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Would altering the offensive words in 'Huckleberry Finn' affect the meaning of the story?

  • Those Feels Though

    Wow, I literally just wrote a paper for school about this (yay me!).
    Twain used the language that he did in such a way that would accurately reflect its usage in Mississippi during that time period. By today's standards, things like the "n-word" and the term "Injun" are considered extremely rude and ignorant. But it's usage in the book emphasizes the sacrifice Huck was willing to make for his black friend Jim. Despite the fact that everyone in his world viewed black people as sub-human, Huck chose to stand up in the face of hatred for the sake of love and friendship, knowing it would make him an outcast and could even result in him being sent to hell for eternity. He learned not to care what society told him - he figured out how to make decisions and form opinions on his own. So when you take those words and soften them mainly by turning the "n-word" into "slave," the audience not only loses an accurate representation of the perspectives people once held (which can help prevent us from slipping back into those perspectives in the future), but they also don't get a punch in the feels that's nearly as impactful as Twain intended it to be.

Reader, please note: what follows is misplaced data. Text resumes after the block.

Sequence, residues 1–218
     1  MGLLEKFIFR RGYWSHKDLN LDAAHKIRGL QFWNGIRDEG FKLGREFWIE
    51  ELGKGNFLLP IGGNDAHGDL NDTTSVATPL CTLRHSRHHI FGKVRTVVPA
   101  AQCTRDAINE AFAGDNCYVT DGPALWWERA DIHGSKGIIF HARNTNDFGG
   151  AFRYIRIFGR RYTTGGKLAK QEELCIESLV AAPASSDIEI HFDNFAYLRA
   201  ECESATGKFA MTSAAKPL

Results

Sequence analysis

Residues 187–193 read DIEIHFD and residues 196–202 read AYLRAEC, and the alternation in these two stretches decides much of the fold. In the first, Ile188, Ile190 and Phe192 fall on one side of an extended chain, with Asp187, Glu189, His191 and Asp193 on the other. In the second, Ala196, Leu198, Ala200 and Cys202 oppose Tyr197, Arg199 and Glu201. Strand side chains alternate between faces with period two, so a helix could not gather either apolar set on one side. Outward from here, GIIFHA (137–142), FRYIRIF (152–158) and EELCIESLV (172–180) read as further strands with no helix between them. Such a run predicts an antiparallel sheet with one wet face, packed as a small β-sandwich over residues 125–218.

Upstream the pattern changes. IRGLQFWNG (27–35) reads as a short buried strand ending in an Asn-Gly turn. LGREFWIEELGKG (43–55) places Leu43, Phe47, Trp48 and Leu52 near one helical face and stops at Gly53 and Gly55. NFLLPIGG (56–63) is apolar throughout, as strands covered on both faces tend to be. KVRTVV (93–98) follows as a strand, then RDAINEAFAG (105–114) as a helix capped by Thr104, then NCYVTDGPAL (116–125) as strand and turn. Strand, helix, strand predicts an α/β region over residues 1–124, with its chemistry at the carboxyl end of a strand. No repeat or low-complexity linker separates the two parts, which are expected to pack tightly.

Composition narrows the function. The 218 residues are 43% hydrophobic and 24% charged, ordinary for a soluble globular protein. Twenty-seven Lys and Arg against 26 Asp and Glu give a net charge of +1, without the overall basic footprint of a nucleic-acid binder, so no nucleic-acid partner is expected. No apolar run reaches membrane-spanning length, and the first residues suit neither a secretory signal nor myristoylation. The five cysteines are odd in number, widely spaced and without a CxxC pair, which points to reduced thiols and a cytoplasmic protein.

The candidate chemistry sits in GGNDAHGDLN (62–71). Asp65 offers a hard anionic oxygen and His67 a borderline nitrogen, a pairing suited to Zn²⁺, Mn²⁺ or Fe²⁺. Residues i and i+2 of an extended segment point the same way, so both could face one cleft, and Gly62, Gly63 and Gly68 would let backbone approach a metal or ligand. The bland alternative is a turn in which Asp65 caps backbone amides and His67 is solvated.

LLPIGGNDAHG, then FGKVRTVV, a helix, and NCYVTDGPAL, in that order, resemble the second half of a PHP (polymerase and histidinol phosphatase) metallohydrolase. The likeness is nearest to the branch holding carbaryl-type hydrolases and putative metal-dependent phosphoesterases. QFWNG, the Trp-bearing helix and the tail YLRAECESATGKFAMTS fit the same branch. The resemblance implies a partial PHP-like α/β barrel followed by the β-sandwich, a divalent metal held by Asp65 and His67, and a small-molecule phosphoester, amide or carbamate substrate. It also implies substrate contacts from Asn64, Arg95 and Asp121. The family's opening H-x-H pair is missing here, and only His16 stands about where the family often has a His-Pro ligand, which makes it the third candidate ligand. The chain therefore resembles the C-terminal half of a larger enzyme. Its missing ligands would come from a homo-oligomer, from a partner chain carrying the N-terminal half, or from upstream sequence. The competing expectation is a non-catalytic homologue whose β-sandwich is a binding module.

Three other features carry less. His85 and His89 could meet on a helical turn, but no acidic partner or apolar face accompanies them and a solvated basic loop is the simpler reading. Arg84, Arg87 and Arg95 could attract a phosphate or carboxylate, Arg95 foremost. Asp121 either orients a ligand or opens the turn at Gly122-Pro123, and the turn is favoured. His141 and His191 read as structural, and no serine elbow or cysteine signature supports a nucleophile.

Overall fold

:)

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